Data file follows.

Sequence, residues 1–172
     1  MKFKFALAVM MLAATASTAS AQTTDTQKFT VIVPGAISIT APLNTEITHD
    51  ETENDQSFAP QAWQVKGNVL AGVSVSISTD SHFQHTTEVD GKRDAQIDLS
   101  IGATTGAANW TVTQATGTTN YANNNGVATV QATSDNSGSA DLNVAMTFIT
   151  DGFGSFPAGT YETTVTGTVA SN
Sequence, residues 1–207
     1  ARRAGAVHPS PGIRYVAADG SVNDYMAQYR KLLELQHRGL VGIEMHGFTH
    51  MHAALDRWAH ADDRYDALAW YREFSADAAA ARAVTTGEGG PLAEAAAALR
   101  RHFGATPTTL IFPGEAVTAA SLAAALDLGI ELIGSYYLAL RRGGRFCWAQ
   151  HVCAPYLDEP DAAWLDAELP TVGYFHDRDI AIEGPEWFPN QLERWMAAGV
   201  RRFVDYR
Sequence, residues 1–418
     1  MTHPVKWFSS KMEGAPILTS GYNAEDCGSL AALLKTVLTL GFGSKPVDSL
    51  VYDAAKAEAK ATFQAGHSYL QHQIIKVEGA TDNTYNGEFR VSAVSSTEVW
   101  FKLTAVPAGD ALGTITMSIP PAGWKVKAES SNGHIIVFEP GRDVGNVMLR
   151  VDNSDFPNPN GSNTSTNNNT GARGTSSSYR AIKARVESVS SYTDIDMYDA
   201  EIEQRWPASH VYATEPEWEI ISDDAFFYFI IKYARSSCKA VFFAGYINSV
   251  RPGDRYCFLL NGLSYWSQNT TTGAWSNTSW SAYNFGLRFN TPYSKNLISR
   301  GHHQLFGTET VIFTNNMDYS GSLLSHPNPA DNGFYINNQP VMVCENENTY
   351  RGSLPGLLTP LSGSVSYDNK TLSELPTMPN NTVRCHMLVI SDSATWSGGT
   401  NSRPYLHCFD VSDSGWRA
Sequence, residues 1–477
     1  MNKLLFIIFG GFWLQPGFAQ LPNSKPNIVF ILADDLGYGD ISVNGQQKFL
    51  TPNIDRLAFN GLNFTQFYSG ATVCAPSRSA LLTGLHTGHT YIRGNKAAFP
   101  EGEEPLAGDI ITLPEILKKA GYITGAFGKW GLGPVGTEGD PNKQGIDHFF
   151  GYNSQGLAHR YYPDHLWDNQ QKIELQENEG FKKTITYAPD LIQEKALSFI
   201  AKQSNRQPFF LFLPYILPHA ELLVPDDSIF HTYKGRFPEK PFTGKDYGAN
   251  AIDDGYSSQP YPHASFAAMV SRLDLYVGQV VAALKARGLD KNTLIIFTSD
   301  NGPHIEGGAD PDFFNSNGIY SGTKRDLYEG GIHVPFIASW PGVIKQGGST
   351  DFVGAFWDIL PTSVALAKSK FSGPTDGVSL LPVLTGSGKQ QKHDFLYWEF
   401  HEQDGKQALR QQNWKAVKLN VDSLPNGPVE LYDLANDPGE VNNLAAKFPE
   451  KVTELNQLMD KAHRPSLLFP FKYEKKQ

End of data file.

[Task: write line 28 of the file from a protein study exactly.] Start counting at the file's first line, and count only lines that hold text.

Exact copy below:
   251  AIDDGYSSQP YPHASFAAMV SRLDLYVGQV VAALKARGLD KNTLIIFTSD